Sunday, January 18, 2009
The privateer barons of old New York
Defying Empire: Trading with the Enemy in Colonial New York uncovers the story of New York City merchants engaged in a forbidden trade with the enemy before and during the Seven Years' War (also known as the French and Indian War).
Ignoring British prohibitions designed to end North America's wartime trade with the French, New York's merchant elite conducted a thriving business in the French West Indies, insisting that their behavior was protected by long practice and British commercial law. But the government in London viewed it as treachery, and its subsequent efforts to discipline North American commerce inflamed the colonists.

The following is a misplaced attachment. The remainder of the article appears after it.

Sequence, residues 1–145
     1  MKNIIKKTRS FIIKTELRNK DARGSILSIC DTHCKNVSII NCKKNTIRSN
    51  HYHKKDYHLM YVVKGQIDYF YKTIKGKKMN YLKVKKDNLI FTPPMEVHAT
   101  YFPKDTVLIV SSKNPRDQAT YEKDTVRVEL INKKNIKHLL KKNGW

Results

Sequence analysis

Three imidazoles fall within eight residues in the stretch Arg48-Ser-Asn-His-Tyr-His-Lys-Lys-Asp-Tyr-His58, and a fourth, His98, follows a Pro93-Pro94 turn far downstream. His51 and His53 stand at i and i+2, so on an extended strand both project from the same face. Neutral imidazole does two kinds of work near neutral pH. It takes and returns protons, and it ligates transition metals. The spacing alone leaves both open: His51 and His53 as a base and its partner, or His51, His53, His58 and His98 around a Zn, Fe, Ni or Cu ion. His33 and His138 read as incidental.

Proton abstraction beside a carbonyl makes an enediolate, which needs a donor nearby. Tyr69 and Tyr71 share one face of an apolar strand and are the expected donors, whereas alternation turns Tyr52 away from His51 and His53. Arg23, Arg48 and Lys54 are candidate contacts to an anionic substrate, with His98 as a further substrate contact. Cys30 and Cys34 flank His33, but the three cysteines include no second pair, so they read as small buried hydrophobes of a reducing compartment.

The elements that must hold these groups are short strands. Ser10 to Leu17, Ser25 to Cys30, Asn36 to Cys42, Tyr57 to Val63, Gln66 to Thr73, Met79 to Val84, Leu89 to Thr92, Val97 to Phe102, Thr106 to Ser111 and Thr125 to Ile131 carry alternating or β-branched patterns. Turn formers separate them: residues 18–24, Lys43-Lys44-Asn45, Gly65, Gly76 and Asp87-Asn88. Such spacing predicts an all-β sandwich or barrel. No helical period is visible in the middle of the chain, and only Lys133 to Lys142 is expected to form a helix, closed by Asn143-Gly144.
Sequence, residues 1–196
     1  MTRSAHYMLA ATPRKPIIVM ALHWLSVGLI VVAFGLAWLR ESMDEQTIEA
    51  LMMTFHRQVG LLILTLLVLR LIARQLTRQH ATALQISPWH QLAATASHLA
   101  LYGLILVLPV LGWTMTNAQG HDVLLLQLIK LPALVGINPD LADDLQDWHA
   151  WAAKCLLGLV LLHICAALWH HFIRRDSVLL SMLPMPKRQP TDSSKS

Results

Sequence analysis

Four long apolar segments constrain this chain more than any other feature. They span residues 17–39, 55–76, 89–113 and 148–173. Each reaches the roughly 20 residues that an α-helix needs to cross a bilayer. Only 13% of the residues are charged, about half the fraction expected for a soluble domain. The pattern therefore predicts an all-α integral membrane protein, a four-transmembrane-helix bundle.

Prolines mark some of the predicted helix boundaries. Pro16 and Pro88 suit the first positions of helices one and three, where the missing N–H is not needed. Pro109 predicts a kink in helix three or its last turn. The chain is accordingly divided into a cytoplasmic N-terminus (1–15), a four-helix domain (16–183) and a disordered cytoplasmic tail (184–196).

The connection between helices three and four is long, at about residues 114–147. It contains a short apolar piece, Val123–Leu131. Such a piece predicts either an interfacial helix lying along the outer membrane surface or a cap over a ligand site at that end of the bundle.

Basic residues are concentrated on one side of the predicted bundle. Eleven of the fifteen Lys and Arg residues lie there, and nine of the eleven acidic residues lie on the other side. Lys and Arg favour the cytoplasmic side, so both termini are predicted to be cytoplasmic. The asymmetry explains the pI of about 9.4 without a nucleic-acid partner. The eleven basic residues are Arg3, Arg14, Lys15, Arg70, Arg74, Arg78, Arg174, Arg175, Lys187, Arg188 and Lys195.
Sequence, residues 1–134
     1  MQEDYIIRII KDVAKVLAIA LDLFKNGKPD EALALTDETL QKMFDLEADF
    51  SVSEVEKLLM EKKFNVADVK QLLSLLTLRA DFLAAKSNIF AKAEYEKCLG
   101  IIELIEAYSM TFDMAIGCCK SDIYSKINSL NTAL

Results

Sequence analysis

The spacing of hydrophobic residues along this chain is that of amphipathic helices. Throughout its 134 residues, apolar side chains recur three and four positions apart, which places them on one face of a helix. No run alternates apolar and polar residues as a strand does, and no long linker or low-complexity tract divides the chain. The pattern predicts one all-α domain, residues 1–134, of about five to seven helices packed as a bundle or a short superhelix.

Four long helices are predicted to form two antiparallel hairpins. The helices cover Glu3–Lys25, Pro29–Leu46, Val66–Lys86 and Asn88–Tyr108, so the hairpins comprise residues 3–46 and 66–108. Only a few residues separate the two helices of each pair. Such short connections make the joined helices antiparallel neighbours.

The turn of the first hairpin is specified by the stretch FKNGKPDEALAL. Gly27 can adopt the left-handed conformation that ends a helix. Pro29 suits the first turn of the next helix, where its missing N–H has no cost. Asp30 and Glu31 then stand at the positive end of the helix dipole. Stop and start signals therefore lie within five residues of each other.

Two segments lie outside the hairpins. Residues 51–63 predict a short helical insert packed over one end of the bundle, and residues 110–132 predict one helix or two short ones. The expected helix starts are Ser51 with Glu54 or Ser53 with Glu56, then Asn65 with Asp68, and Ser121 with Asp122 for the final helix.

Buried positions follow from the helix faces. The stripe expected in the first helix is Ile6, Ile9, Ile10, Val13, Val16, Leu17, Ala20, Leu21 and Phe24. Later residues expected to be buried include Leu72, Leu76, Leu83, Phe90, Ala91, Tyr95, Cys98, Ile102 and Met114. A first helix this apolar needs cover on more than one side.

Through fast-moving events and unforgettable characters, historian Thomas M. Truxes brings eighteenth-century New York and the Atlantic world to life. There are spies, street riots, exotic settings, informers, courtroom dramas, interdictions on the high seas, ruthless businessmen, political intrigues, and more.
The author traces each phase of the city's trade with the enemy and details the frustrations that affected both British officials and independent-minded New Yorkers. The first book to focus on New York City during the Seven Years' War, Defying Empire reveals the important role the city played in hastening the colonies' march toward revolution.